I’ve half-joked to my UU friends that “Judaism is more UU than UU.”

However, I have witnessed UU at the national, organizational and seminary levels moving away from religious liberalism. I have seen trends toward top-down orthodoxy, groupthink, and expectations of ideological and political conformity. I have seen shaming and shunning of people who express different viewpoints that fall well within the parameters of UU’s Principles.

It should go without saying that a dogmatic UUA and ministers that suppress debate and heterodoxy make UU inhospitable to many Jews and Jewish culture.

A Jewish friend resigned from his UU congregation last year due to the dogmatism and groupthink. I said, “Being Jewish means asking questions and debating different viewpoints. Not allowing questioning or debating would make Unitarian Universalism inhospitable to Jews.” He replied: “And—dare I say it?—antisemitic.”


Jewish criticism of extreme left social justice ideologies

There has been much Jewish concern over the neo-racist ideology, radical political positions, and stifling of debate in many quarters as advocated by the UUA. These include from prominent Jewish thinkers such as Pamela Paresky, Steven Pinker, Jonathan Haidt, KC Johnson, Brandy Shufutinsky, Eliot Cohen, and Jerry Coyne, and the Jewish Institute for Liberal Values. Agree or disagree with them, they are Jewish voices that should be heard in UU. I can assure you that there are Jews in UU congregations who agree with many of these views.

Jews, including within Reform and Progressive Judaism and within UU, have a wide diversity of views, and some Jews agree with the UUA dogma. I am not suggesting otherwise. I have a Jewish professor friend who supports critical race theory, and we enjoy debating these issues with each other.

The issue is that with the diversity of views and most Jews disagreeing with UUA-style dogma and intolerance, a UUA and ministers that expect adherence to one narrow ideology or political stance, or that say that “only Jews who agree with our dogma are truly welcome and listened to,” make UU inhospitable to many Jews.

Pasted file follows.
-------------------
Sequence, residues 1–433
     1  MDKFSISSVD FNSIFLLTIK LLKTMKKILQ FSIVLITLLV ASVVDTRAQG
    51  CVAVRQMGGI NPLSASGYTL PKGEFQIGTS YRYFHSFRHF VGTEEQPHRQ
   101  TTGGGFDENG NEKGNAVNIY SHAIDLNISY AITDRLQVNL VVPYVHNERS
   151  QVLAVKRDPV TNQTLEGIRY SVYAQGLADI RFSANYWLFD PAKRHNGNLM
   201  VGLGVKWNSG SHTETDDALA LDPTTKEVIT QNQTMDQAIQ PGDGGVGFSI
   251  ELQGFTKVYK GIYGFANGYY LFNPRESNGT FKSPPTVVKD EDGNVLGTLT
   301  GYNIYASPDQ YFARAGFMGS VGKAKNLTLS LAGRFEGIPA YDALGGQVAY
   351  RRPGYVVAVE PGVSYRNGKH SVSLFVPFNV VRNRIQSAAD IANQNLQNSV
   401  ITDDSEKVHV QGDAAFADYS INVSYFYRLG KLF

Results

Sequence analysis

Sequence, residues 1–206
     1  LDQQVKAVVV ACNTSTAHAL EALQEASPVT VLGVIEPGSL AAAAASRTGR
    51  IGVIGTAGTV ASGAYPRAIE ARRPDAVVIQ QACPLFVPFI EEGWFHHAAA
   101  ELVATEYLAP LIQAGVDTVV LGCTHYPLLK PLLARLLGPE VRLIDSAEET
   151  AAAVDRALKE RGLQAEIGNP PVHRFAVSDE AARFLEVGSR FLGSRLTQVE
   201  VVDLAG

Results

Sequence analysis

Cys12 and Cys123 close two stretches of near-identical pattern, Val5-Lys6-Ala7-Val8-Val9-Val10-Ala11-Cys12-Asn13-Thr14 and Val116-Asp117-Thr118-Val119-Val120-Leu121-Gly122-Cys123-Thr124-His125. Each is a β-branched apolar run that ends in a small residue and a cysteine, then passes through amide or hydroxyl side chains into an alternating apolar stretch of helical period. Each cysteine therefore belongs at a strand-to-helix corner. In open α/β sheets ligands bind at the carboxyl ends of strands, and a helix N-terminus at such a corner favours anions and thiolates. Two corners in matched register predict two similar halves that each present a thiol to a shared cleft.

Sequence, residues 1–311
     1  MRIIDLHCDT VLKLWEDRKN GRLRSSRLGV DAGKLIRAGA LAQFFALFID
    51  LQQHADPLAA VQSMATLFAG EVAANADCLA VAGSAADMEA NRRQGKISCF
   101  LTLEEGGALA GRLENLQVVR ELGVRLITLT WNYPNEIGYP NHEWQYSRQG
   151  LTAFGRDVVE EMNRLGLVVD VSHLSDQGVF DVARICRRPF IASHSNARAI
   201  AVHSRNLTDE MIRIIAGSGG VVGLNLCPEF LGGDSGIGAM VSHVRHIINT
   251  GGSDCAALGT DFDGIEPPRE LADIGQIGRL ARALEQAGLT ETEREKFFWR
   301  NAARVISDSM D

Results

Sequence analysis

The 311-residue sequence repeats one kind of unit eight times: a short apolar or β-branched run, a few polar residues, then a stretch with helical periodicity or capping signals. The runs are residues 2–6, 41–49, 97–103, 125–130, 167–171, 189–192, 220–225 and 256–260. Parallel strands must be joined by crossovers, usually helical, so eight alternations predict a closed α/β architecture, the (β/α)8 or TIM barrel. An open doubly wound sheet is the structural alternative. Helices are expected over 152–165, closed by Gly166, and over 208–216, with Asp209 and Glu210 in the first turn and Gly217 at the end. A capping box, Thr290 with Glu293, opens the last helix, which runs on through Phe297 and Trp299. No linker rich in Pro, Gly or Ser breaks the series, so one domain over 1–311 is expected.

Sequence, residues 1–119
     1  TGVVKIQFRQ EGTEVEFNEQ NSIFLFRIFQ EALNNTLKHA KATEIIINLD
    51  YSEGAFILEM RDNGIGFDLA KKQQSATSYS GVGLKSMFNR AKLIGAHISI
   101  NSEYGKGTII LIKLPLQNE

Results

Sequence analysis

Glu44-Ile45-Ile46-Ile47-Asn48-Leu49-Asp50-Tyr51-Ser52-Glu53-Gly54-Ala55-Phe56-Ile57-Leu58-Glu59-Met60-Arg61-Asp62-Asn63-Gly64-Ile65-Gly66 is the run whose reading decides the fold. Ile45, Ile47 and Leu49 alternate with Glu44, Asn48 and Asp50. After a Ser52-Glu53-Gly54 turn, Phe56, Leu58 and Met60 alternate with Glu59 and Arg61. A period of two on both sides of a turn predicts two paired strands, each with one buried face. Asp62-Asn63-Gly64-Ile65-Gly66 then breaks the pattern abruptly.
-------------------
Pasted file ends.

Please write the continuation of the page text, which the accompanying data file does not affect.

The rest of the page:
Another Jewish friend who recently quit UU told me that he was scared to speak his views in UU forums due to the atmosphere of intolerance to different views. My mother, who introduced me to my UU congregation, quit her UU congregation and UU due to her dismay at the dogmatism, censorship and illiberalism in the UUA.

Last year I had a newly ordained true believer minister tell me she felt that I did not belong in UU for having and expressing what are perfectly mainstream Jewish views that fall well within the parameters of UU’s Principles. When I relayed what she said to a longtime minister, he replied, “She should re-read UU’s principles.”

When I posted both essays here in a UU forum, a UUA-aligned minister said that these essays were “racist dog whistles” and “alt-right.” These are standard ad hominem attacks these days shut down any dissent by UUs. He also compared me and these essays to Alex Jones. Another minister told others to ignore what I wrote because I was “white.” This was ironic, as the minister was white. Yet another UUA-aligned true believer responded only by asking what I thought about “Palestinian babies in cages.” I had given no opinion about Israel and am not Israeli.  

I was shocked by their complete ignorance and closed-mindedness, but even more that it came from young UU ministers. They came across as indoctrinated political zealots, and I did not understand how such small-minded people were qualified to be UU ministers. They likely held themselves up as social justice activists.

I then remembered that I had seen similar ad hominem attacks by new ministers and national leaders on others who dared dissent. For dogmatists who believe their narrow view is the only truth, anyone with a different viewpoint is the enemy. 

This essay isn’t just about Jews and Jews in UU, but about how general UUA trends of intolerance, dogma, and censorship are oppressive of all groups, minority and majority. I know that this bigotry I experienced was born out of ignorance and people indoctrinated to see things only in binary ways. In a self-righteous movement that categorizes the expression of any divergent thought as “harmful,” “racist,” and “oppression” and dissenters as the enemy, their small-minded ire would have been applied to anyone who dissented. 

I had published a different version of this essay elsewhere, and a comment in the comment section was: “How Intolerance, Censorship, and Dogmatism Make Unitarian Universalism Increasingly Unwelcoming to Jews . . . and All Thinking People.”